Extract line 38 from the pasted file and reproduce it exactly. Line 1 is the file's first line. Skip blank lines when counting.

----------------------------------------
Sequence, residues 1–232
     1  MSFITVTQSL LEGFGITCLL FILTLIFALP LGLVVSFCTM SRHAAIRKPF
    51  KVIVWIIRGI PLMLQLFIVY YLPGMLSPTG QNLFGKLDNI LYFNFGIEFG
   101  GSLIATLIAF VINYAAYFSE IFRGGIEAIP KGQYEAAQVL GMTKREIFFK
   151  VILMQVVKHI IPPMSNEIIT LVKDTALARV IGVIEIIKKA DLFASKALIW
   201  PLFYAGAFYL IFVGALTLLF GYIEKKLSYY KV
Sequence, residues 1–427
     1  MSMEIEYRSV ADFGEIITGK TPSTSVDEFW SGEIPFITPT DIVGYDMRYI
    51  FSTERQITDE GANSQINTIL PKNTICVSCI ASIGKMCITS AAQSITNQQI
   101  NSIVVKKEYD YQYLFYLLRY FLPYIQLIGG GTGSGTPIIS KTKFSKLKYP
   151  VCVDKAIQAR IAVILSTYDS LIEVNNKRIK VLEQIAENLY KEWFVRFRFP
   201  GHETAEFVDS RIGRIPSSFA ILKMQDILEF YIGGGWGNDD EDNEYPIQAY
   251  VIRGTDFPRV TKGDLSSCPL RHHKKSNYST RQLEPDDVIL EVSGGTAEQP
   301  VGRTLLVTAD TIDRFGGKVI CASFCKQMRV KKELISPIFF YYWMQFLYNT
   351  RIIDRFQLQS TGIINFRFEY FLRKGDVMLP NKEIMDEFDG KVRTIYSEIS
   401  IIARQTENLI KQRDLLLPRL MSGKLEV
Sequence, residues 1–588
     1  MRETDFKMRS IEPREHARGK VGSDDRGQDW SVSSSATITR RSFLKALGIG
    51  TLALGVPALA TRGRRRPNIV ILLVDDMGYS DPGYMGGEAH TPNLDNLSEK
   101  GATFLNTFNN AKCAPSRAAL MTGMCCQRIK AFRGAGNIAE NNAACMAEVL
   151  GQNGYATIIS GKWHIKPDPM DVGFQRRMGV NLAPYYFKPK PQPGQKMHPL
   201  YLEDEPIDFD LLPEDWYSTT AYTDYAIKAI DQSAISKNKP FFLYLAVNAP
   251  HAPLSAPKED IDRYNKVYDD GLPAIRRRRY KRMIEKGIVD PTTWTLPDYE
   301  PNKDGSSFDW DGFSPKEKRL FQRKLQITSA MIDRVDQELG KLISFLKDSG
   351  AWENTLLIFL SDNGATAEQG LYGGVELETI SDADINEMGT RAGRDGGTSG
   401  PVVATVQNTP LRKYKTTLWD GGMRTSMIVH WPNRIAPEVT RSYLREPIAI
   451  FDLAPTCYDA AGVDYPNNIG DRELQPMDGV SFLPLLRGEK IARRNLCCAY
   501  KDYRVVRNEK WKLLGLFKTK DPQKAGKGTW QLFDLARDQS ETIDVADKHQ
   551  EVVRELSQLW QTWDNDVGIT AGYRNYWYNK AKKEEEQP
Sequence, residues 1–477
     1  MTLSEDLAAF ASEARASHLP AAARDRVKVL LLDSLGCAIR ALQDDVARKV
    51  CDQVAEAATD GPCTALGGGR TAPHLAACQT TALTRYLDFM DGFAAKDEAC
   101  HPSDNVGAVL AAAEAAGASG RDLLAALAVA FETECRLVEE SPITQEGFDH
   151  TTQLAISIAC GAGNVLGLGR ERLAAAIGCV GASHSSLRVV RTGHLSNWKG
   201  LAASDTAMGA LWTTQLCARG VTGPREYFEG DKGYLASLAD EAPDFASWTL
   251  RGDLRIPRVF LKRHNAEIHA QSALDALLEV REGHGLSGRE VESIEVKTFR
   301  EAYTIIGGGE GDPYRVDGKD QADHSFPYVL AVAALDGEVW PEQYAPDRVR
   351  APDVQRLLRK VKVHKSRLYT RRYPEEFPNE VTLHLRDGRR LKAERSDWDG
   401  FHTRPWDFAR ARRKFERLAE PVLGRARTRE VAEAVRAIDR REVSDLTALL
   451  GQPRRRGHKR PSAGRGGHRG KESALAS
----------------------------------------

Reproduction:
   351  APDVQRLLRK VKVHKSRLYT RRYPEEFPNE VTLHLRDGRR LKAERSDWDG